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Two Words I Hate, One Boy I Love

I would like to go ahead and get together a little petition for some of us sign that will effectively ban the word “moist” from the English language, or at least from the conversational English new immigrants are learning. I have lost count (not that I spent much time trying to count) the number of times I was forced to say this abomination last Thanksgiving week. It’s just that my dang relatives make some really moist food. Moist dressing, moist corn bread, moist yeast rolls, moist cakes, moist pies, moist anything. And since I rarely eat foods that are “moist” (due to my stringent anti-baking policy), I never have use for it, or the word “dry” in that particular context — which somehow also bothers me. Unfortunately, there’s just NOT another word that means “moist.” Don’t believe me? Go ahead and tell me my angel food cake is “wet” or “damp” or “intensely hydrated” and see if I take it as a compliment. Wait. I don’t bake. Nevermind.

The other word I hate is “dialog” when used as a verb. And contrary to “moist” there are plenty of other perfectly acceptable options like “flippity-flap your jaw.” If you don’t agree, we can dialog about this later offline. (Doesn’t that just fly all over you?)

But that’s not really what I want to talk about today. I’m just stalling because the following is a little unnerving.

It was basically a case of Drew reverting back to babydom last night that made me go “woa nelly” just a little bit. It was sort of sweet and sort of scary and just a little reminiscent of a British TV show I saw recently wherein a seven-year-old was still taking nips at her mother’s breasts after school each day. The kid was a fourth-grader, or whatever the British equivalent is of “way too old to breastfeed.”


The barf bags are located in the seat pocket in front of you.

I had just finished nursing Thing Two and at Drew’s request had placed her on the floor in her infant lounger (please tell me you have one if you own a baby) and was cuddling with Drew on the couch while we watched TV. I was holding Drew like an infant in a playful embrace, his head in the crook of my arm, his big moony face staring up into mine like a lovesick cherub. “Baby,” he cooed.

“You’re my baby!” I sighed, equally lovesick. “My BIG baby. My BIG BABY BOY!”

“Eat?” he chirped.

“Eat?” I queried.

And then he grabbed my boob.


Woa Nelly!

In that moment a few thoughts sprang to life: 1. How sad it was that somewhere back there it had become no longer OK for Drew to interact with The Twins in the same way. Or in any way. Ever. Again. I wasn’t sure when that inevitable milestone had passed but was certain that it had most certainly, without a shadow of a doubt, passed. Which led to the thought of 2. He really isn’t a baby anymore. Woa. Sad. And then (if a bit belated):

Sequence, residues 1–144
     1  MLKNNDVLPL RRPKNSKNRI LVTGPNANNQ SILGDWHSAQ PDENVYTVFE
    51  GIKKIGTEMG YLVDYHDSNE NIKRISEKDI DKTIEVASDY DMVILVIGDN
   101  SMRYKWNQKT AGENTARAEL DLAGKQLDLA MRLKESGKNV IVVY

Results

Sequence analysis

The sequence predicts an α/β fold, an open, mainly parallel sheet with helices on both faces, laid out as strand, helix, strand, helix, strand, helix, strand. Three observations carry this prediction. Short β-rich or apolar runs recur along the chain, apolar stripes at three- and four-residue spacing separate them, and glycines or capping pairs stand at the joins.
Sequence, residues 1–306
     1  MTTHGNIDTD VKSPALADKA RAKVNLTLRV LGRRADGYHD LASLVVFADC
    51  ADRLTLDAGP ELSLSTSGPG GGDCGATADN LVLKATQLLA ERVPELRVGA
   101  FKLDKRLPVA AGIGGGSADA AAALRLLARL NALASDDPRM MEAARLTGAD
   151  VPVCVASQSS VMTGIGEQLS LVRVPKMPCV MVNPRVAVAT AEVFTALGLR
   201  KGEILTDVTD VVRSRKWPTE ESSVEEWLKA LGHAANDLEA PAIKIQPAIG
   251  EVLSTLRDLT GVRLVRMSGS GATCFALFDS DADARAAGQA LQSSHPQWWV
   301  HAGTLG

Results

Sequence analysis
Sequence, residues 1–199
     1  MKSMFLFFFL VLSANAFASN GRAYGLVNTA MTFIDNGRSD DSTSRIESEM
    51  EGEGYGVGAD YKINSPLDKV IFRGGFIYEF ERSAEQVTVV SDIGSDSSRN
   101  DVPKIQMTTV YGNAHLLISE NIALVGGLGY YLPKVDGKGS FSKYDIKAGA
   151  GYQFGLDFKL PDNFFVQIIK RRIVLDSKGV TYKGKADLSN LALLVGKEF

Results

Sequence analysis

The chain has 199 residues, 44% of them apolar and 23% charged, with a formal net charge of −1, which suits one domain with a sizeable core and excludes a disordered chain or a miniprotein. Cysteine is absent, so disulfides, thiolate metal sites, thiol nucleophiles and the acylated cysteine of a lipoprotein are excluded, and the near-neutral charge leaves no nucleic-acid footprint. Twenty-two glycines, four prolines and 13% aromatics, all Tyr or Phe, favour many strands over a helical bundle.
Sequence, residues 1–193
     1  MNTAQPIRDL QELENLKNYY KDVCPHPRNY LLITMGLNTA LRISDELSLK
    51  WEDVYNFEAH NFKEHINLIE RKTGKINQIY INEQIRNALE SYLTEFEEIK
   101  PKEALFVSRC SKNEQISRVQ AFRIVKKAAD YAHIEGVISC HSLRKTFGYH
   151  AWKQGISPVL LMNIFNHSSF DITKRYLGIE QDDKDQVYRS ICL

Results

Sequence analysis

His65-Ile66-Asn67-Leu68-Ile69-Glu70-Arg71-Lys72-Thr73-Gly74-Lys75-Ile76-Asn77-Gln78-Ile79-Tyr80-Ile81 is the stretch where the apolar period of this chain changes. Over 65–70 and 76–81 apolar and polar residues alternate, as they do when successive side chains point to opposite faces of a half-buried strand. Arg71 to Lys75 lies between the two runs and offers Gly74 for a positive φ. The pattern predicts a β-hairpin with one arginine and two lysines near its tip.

3. Ewwwww!! Major appropriateness FAIL!!

Don’t get me wrong, there are many things about the infant stage I would like to detach   and sneak into the neighbor’s garage sale, like doctor’s appointments every two months and multiple ear infections. But there’s nothing richer than the sweet snorting of a baby who is nuzzling, looking for food; who settles in and proceeds over the months to grow into a big-warm-fuzzy-soft dollop of gooey baby brie cheese. Give me a cracker and a glass of pinot and stick a fork in me I’m done!

But Drew is three. We’re a little beyond that. Now I’m teaching him about hard things, things unrelated to 8-oz bottles or boobs. Like how he might die if a car hits him in the street. 

He had asked to see the newly decorated lamppost across from our house and had jerked his hand away from mine at the curb. I looked deep into those exquisite hazel eyes and told him the cars could hurt him and that he was never EVER to go into the street without holding my hand.

“Cars hurt you,” he said. “Cry.”


A few minutes passed and we were playing golf in the front yard. He was whacking the plastic ball like a drunken Lee Trevino. It was around 5 o’clock and car after car was turning up our street as neighbors arrived home from work.

“Yook, mama,” said Drew, “Here comes a Hurt You.” The car was a two-door white sedan.

I don’t think Drew has a future in marketing, but I could be wrong.

Taking note of how brilliantly the pain and death motivation had worked, I employed it again later that evening while we brushed his teeth.

“Drew, we have to use Mommy and Daddy’s toothpaste because your toothpaste is all gone. But you can’t swallow it. This is grown up toothpaste. It might HURT you.”

And he proceeded to spit every 0.008 seconds as I tried to get the brush in edgewise.

(I’m really not above fear mongering or propaganda shilling, just in case that wasn’t clear. If you’re more of a “positive reinforcement” kind of parent, all I can say is jump in, the water’s fine.)

After the toothpaste spitting, we went into Drew’s room and sat in front of his window to look at the stars — a new ritual we’ve started. I opened the blinds and we stared.

“Where’s the moon?” he asked.

“I don’t see it.”

He ran over to his bedside table lamp, turned it on and ran back, thinking it would help us find the moon in the night sky. You know, because lamps help us find things.

My heart ached because I wanted his logic to be rewarded, but when he realized the moon was still missing, he shrugged, ran back over to the lamp and clicked it off. Suddenly he was beside me again and then was sitting in my lap.

We stared up.

His head smelled like cinnamon. His bony bottom fit just perfectly in the cross-section of my knees. He was calm for once, like a slinky resting upright. And I discovered my eyes were just a little bit…moist.

Let’s try that again.

My eyes were just a little bit…intensely hydrated.

That’s better. Hope you had a great Thanksgiving week too.